Monday, August 28, 2006
Have Beret, Will Travel
Expat ready to hang his hat here again
Tuesday, January 17, 2006
In Fargo, N.D., I'm practically an eccentric, largely because I wear a hat. OK, a beret. And in the summer, I hang that up and take out my Panama. In Fargo, that qualifies as eccentric. But I have a ready excuse: I'm from New Orleans. And now, I'm coming back.
I tell people that my family and I are moving back to the city where I grew up, and they give me this look. Why, they ask incredulously, would I leave a place with great public schools, where my house cost half what it would in New Orleans, where people -- I am told -- would never behave like those people on TV? Why would I go to the devastation and division and uncertainty of New Orleans? They look at the beret, and shake their heads.
I'm coming home because of that beret, the one my wife got me to replace one I wore for years, then lost. That cap belonged to my father who hoped to wear it in retirement, hanging his paintings on the fence at Jackson Square, until Parkinson's stole his dream.
But he was not just an amateur artist with a dream; he was a prominent local architect. Most of his commercial, highly specialized work was done far away, but he left his mark on the city: the Rivergate, Cabrini Church, the striking flat-roofed box of brick and glass on Egret Street in Lake Vista, where I grew up.
Near the peak of his career, as president of the New Orleans chapter of the American Institute of Architects, he was a leader in the fight against the riverfront expressway. Although his firm had important public contracts including the Superdome, he stood up against the city's political and business leadership, challenging the head of the downtown business community to debate him on television. He loved New Orleans, and was willing to stand up and try to save it. He wanted that dream place to hang his pictures, stroke his goatee and be part of the soul of the city.
Now I am at a point in life where one begins to think about a legacy. Beyond a couple of practically perfect children, what mark if any will I leave? Even from the safety of 1,200 miles and two decades, Katrina upended my world and answered my question.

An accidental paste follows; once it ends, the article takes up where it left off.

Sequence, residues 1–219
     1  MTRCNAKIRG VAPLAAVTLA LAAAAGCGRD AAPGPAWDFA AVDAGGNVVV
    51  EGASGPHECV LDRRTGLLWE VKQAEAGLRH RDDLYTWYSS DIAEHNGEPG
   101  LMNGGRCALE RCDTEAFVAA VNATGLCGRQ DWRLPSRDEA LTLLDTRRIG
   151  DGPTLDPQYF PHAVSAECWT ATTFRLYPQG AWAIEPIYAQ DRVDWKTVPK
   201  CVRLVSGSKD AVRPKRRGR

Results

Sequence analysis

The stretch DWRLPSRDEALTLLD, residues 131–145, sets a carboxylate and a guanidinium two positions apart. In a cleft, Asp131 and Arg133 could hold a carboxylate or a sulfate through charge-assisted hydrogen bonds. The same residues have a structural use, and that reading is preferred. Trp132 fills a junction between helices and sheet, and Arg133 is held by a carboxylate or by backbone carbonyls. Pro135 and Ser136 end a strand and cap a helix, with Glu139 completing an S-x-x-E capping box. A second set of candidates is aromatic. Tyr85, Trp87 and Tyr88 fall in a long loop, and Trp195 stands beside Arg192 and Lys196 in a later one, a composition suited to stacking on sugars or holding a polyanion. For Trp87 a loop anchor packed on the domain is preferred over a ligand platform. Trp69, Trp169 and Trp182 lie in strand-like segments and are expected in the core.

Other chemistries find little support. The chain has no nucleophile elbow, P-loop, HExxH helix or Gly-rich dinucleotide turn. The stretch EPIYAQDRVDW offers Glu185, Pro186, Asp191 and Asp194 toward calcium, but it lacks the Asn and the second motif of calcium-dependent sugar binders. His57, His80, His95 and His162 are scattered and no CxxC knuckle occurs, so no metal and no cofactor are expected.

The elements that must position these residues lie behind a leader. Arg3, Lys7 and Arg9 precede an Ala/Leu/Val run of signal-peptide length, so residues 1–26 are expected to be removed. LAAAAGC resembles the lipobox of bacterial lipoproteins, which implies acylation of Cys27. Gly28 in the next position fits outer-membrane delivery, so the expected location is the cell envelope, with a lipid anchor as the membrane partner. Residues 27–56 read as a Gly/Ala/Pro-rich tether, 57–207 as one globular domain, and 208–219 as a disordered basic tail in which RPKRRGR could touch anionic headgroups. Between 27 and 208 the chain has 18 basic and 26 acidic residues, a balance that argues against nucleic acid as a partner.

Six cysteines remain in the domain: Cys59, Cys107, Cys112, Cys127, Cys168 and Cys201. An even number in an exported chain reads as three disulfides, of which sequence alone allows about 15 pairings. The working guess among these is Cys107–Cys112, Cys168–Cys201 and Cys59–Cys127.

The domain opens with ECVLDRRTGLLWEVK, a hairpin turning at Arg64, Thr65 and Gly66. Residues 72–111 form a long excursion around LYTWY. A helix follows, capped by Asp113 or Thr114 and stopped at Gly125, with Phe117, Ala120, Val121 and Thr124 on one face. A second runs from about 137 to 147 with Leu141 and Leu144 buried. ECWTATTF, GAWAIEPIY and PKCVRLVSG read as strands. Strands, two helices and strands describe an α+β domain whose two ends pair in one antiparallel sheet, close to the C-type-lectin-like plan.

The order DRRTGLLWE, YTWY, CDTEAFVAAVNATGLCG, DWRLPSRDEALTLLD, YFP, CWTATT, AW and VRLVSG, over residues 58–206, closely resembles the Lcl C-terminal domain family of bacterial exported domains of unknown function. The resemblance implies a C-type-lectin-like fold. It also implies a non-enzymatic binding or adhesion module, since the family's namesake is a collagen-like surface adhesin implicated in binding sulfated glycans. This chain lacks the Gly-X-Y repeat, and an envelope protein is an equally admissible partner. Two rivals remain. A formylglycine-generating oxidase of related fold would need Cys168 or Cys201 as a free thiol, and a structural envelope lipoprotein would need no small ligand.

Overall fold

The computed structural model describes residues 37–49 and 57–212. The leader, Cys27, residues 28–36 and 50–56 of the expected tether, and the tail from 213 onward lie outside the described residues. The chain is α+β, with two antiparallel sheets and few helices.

What I want to leave behind me, to leave to my children, is New Orleans.
So last week, my wife accepted a job offer in the city. And we're coming home, with all that entails: finding a safe and affordable house, dealing with the fractured schools, finding a job for me and leaving a safe and comfortable life in the Midwest for the only life I really want, the only one I think worth living for the rest of my days.
We are coming home not just to find an old home and make it live another generation, or because I miss the food and the friends, the music and the parades, or because I want my children to partake of all that.
I want those things, I always have, but the challenge after Katrina is too large for such a simplistic dream.
I'm coming home because I see all of the devastation and division and uncertainty and think, there must be something I can do to make this better. I'm coming back because I see the city's leaders on the verge of losing the treasure, just as they nearly did 30 years ago. But this time it's not just the Quarter. It's the whole city.
I'm coming back because every person who returns makes it that much more possible -- to buy a house that would otherwise sit empty, to add another pair of hands to the immense tasks ahead.
We're returning because I owe it to my father's memory, to my family and to my city. I'm doing it for the friends who've lost houses, jobs, everything, and can't come back right now, to help prepare the city for their return.
The task is so huge; it seems that it's impossible to know where to start.
But that's not true. For us the first step is clear.
We're coming home.
. . . . . . .
Mark Folse lives in Fargo, N.D. He can be reached at his blog, Wet Bank Guide, at http://wetbankguide.blogspot.com.
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